“Carlo. A table opposite M. Fornesco,--the one that is engaged.”

“M. le Comte--”

“Carlo--this is an exception. I _must_ have it.”

His eye met the head waiter’s, who hesitated and bowed. We rose and,
sauntering into the main dining room, seated ourselves two tables away
from Madame de Tinquerville, in an angle that was partitioned off from
the rest of the room. When, with an appearance of casualness, I turned
to watch her, I saw in her eyes a look of abject terror. Every such
woman believes more or less in the dramatics of Camille and, from that
moment to the end, I know Letty awaited the public scene that would
strip her sacred reputation and leave her the butt of Paris gossip.
As for myself, I was at that moment capable of the greatest cruelty
without the turning of a hair: I found resources of self-control in me
that astounded me. I laughed, discussed affairs of the day whimsically,
and swapped anecdotes, as though out on a collegian’s holiday. Madame
de Tinquerville watched me from the corner of her eye, never losing me
from her gaze, listening, waiting--

Towards the end of the dinner, De Saint Omer said to me:

“You know the anecdote on Gommecourt,--no? Quite amusing. I’ll tell it
to you. Besides,--there is a moral.”

“A moral?” I said, feeling that the comedy was about to begin.

“Gommecourt was a young parvenu of the time of the Regence who had
become involved in an affair with a celebrated actress of those days.
He was avaricious, vain, prudent, and not without a certain wit, as you
shall see.”

The conversation at Madame de Tinquerville’s table had stopped. De
Saint Omer’s voice could be heard distinctly, and I knew that Letty was
listening breathlessly.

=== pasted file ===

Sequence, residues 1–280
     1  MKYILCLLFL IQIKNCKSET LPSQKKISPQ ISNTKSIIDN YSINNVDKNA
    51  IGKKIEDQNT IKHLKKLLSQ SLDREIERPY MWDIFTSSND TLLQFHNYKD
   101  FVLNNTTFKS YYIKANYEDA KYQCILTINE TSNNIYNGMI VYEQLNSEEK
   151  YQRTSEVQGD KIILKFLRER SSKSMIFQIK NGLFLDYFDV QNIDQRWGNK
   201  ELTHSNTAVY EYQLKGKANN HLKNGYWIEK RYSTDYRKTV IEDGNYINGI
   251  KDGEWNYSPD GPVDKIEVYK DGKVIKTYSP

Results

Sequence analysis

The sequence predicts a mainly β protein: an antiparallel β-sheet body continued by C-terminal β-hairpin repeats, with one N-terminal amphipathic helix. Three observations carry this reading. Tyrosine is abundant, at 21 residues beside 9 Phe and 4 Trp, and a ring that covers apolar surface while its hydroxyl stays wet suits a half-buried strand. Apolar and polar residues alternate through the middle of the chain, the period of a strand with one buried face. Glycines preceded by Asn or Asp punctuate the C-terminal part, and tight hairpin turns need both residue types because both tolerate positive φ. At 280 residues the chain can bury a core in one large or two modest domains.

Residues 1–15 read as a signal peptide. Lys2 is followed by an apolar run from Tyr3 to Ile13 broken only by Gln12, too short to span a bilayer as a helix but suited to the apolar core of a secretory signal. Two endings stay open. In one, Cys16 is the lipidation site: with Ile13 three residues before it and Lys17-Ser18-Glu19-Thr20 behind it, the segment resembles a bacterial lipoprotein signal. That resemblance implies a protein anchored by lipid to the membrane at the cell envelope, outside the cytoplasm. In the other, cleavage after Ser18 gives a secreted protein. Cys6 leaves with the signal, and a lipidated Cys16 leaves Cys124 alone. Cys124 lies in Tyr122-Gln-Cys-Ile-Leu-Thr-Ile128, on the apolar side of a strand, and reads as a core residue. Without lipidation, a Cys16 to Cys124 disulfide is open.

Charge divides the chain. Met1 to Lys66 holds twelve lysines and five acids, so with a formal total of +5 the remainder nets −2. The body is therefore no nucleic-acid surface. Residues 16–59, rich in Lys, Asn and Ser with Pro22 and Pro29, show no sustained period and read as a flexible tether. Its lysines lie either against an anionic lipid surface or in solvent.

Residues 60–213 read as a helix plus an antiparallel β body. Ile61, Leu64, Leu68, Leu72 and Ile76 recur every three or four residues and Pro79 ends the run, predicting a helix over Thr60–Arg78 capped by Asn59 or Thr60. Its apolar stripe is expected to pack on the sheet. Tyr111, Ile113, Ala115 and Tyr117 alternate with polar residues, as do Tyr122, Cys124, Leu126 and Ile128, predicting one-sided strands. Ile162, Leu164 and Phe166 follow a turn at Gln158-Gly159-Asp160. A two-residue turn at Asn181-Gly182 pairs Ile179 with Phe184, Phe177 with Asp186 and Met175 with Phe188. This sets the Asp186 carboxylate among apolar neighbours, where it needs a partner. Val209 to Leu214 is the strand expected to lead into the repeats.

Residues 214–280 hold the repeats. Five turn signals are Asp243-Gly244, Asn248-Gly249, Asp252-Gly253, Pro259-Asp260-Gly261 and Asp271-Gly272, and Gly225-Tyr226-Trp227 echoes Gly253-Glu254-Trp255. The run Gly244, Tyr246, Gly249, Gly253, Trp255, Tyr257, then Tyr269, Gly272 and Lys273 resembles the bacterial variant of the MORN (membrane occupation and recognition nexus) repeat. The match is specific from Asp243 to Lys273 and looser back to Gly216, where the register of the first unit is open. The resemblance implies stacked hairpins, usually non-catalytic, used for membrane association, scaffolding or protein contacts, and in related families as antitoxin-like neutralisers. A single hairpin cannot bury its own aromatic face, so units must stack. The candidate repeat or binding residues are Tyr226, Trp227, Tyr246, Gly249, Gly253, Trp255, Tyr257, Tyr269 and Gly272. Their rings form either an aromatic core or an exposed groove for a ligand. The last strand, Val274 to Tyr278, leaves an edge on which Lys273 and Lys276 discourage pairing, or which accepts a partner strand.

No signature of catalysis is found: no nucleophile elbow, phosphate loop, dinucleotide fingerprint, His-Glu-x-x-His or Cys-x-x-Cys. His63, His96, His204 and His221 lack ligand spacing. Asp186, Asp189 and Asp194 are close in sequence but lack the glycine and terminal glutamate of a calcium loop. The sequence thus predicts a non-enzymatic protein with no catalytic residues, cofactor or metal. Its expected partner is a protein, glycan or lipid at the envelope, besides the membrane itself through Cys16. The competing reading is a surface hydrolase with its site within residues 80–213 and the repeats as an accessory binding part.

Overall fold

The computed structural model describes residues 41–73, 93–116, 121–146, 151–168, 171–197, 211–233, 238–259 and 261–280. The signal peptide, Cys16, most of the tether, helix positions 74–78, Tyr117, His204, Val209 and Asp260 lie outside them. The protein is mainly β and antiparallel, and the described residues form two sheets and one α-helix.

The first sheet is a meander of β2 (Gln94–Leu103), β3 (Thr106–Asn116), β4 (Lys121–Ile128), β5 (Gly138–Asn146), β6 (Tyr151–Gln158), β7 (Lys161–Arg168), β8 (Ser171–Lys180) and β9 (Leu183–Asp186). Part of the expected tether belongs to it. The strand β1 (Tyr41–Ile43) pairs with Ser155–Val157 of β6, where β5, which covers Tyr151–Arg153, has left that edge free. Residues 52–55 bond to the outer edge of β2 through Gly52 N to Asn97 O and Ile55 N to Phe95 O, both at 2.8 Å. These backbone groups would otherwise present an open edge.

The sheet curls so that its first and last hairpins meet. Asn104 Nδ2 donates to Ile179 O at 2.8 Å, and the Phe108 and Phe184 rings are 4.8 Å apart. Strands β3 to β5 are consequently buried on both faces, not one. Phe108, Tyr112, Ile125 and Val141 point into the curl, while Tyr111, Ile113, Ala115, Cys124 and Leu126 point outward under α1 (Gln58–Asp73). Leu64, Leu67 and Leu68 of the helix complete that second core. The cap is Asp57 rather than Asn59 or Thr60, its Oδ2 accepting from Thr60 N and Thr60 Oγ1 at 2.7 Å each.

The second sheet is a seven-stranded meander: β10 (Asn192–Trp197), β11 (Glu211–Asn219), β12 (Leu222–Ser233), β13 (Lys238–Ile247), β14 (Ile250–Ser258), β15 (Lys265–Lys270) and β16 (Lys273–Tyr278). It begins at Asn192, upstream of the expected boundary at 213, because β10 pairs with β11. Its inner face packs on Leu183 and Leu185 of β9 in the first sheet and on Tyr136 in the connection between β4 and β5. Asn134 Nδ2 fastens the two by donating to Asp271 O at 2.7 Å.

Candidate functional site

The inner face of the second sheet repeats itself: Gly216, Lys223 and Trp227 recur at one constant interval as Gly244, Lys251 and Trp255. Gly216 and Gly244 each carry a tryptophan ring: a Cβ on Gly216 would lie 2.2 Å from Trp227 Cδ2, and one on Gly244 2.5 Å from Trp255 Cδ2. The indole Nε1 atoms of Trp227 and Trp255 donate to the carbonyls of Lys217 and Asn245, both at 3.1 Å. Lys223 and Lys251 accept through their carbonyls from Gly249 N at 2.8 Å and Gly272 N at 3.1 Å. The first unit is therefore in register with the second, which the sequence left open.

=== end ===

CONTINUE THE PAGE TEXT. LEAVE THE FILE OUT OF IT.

“When it was time for Gommecourt to marry, he was much embarrassed how
to break away from his charming but expensive friend. He took up a pen
and wrote a long and very tender letter, recalling his past happiness,
his regret at the decision of his family,--a very, very moving,
affectionate, temperamental and tragic letter, and at the end he wrote,
‘I shall never forget, and I send you an order for one hundred thousand
francs.’”

“Very handsome,” I said mechanically, not yet seeing daylight.

“A little too handsome--as Gommecourt decided, after a very brief
struggle. He wrote a second letter, a very tender letter, too, but a
little modified in its transports of passion, and ended by announcing a
gift of fifty thousand francs.”

“Very prudent.”

“Wasn’t it? You see, Gommecourt was of good, thrifty stock. The more
he considered it, the more absurd it seemed to him to give way to his
impulses. And then, suppose she had not been faithful? He wrote a third
letter, quite formal this time, and cut the sum to twenty thousand
francs.”

By this time the conversation at the other two tables had ceased,
and every one was listening, quite frankly amused at De Saint Omer’s
vivacious account.

“So, Gommecourt, quite delighted with his two transactions by which
he had saved himself eighty thousand francs, arose to send off letter
number three. But, halfway to the bell, suddenly he stopped, struck
his forehead and exclaimed, ‘But, after all, it’s simpler than that!’
And, returning to the table, he wrote a final letter, thus,--‘I have
discovered all. Adieu.’”

“Bravo!” I cried loudly, above the ripple of laughter which greeted the
ending. “And he was right.”

“You like the anecdote?”

“Excellent.” I glanced at Madame de Tinquerville and saw her rigidly
examining her plate. “But it doesn’t fit all cases,--since we are now
talking of ruptures.”

“Oh, a friend of mine had an even better expedient!”

“I should like to know it,” I remarked, pretending to laugh. “One never
knows--”

“He simply took his card and marked on it ‘P.P.C.’ and left it at her
home. That, and nothing more.”

“Thanks for the idea.”

I drew out my portfolio instantly and selected a card. The couple next
to us, deceived by my gayety, began to laugh.

“A pencil?”

“Be careful!” said De Saint Omer, under his breath.

“Don’t worry.”

I took the pencil he offered me, after a little hesitation, and
inscribed the three letters.

“Carlo! An envelope--and call a taxi.”

“David! No scene.”

“Don’t worry, I tell you.”

I addressed the envelope, slipping the card into it and, the reckoning
being paid, rose and stood deliberately facing Madame de Tinquerville.
For that one awful moment, which I prolonged, I paid her back in terror
the thousand humiliations of those hideous months.

Then we lifted our hats with exaggerated ceremony and went out.

We left the letter at her _concierge’s_ and went directly to my
apartment.

“You have letters--keepsakes--of hers?” asked De Saint Omer.